The low residency format of this MFA means I will be on campus for ten days each semester, for four or five semesters. Ten days on campus attending workshops and seminars, followed by five months of 'project period' in which I will write and submit, among other things, twenty pages monthly to my mentor. In preparation for one of the upcoming December residency seminars, I re-read a passage in Anne Lamott's book Bird By Bird. In her chapter titled The Moral Point of View she writes,"The core, ethical concepts in which you most passionately believe... telling these truths is your job."
Sorry about the profanity, but Dammit, Jim. What are the core, ethical concepts in which I most passionately believe? Lamott is not asking for a superficial answer about what I like, or to what I am agreeable, but that which I most passionately believe. She writes later, "Reality is unforgivingly complex." Hell right it is. Is there a closet to hide in, because this stuff is pretty intense. How do you unravel your passions enough to get at Truth, with a capital T? Can I not just live in keeping with my values, hopefully bring that to my yoga students and my kidlets? Doesn't she know that the Prada glasses are just a ruse?
Apparently not. Lamott is saying Arielle, dear timid and fierce dreamer in residence, you can quietly live whatever life you want, but if you are going to write about it, you need to step up to the plate. And, by the way, you're the one who put the application in the mail to Antioch, with an excerpt from the book you are writing about the time you toured the country for five months with your band. You went to one of the top music schools in the country despite unholy cries from your nuclear family about how you cannot and should not pursue the life of an artist. YOU HAVE DISMANTLED YOUR LIFE EVERY TIME YOU FOUND IT WAS INAUTHENTIC AND REBUILT THE FOUNDATION FROM SCRATCH.
Yeah, Ms. Lamott. I guess stepping up to plate is kinda my modus operandi anyway. I just wish I could do it with a little less commentary from the inner critic peanut gallery.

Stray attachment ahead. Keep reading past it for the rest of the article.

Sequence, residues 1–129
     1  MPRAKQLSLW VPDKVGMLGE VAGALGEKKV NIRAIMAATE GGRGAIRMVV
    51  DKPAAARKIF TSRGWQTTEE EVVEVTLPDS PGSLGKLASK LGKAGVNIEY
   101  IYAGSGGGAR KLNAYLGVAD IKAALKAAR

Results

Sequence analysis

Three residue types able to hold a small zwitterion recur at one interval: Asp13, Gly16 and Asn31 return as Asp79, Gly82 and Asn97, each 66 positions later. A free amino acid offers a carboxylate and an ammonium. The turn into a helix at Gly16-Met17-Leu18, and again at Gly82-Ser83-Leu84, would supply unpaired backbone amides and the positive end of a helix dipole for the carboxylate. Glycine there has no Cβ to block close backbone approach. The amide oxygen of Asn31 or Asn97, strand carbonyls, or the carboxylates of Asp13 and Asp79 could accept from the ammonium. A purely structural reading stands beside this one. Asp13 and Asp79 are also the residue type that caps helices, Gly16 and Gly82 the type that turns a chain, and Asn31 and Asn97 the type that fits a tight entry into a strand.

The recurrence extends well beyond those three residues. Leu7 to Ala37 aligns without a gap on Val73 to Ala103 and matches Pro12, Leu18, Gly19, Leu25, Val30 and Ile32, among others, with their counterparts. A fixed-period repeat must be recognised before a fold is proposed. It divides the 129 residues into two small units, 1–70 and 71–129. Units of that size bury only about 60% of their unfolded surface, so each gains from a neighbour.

In the shower this morning, I held the bar of lavender soap and closed my eyes, trying to find the words to describe the sensation in my hands. No words came, so I simply washed my face. I pressed my fingers against my closed eyelids till sparks of color and geometric lines lit up against the darkness. How would I describe this? I thought, and wondered if it looks the same to everyone. Again, no words.
It's one thing to slow down and notice. It's entirely another thing to have the skills of phrase. Language art. And then, beyond that, to actually say something of substance. Express that which I most passionately believe. Perhaps this MFA is just an expensive way to confirm that you are not gifted in this realm, says my inner voice.
Given this lifetime of dialog between us, I'm thinking I should consider giving my inner voice a name. Like Syd or Pup or Marcia. Yes, Syd, perhaps this MFA is just an expensive foray into failure. Meanwhile, Syd, it's still morning. I've got my coffee to drink, and if you don't mind sitting over there quietly for a while, I will journal for a page or two to clear my mind, and then I intend to sit here at my new laptop for a bit. After all, if you're done talking, I'm in for another day of writing.